Hong Kong marks 15th anniversary with new boss | News | DW | 01.07.2012
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Hong Kong marks 15th anniversary with new boss

Chinese President Hu Jintao swore in Hong Kong's new chief executive on the 15th anniversary of the handover to China. Protesters are expected to take to the streets.

Beijing loyalist Leung Chun-ying, a self-made millionaire and surveyor, began his five-year term as leader of Hong Kong on Sunday, following an electoral race fraught with mud-slinging and controversy.

Leung, 57, replaces Donald Tsang as chief executive.

The new leader was selected earlier this spring, but his popularity has been hit recently by a housing scandal involving illegal constructions in a luxury villa, as well as his close ties to Beijing.

Opponents refer to Leung as a "the wolf," owing to his abrasive style. They question whether he will act in Hong Kong's best interests, particularly with regard to moving the city towards a full democracy.

The seven million people of Hong Kong currently cannot choose their leader. The chief executive is selected by an elite 1,200-member election committee, many of whom are Beijing loyalists.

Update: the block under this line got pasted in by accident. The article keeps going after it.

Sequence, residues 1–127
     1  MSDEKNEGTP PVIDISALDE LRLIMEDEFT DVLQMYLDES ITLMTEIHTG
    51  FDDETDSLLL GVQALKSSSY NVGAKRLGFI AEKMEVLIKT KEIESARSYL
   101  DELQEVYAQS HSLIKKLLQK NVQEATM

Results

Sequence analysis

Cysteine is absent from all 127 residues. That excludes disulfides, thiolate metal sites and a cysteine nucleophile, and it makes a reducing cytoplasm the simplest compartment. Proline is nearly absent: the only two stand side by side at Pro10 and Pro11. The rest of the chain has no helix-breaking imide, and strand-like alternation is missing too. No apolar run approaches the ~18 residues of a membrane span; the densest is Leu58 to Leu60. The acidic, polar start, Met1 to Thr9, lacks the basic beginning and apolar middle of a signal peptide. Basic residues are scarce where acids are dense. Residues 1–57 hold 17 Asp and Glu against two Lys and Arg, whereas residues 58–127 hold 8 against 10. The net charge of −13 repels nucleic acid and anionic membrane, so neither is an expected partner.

Protesters hit streets

On Saturday, hundreds of protesters clashed with police as they tried to give Hu a 100,000-name petition asking for an investigation into the suspicious death of Chinese dissident Li Wangyang.

Tens of thousands are expected to take to the streets Sunday over a variety of issues, including the slow moves toward democracy and the perceived Chinese meddling in the city's affairs.

China has promised the direct election of Hong Kong's leader in 2017, but many are skeptical the poll will be truly democratic. Other issues the protesters are focused on include the increasing wealth gap, corruption and pollution.

Leader's plans

Leung is known for championing grassroot causes, such as poverty alleviation and the need for more public housing. He has pledged to pursue more socially inclusive policies.

"We will safeguard the core values that we have treasured for years, resolve deep-seated conflicts, improve the livelihood of our people and work towards the harmony and stability of our society," Leung said last week.

tm/ccp (AFP, Reuters)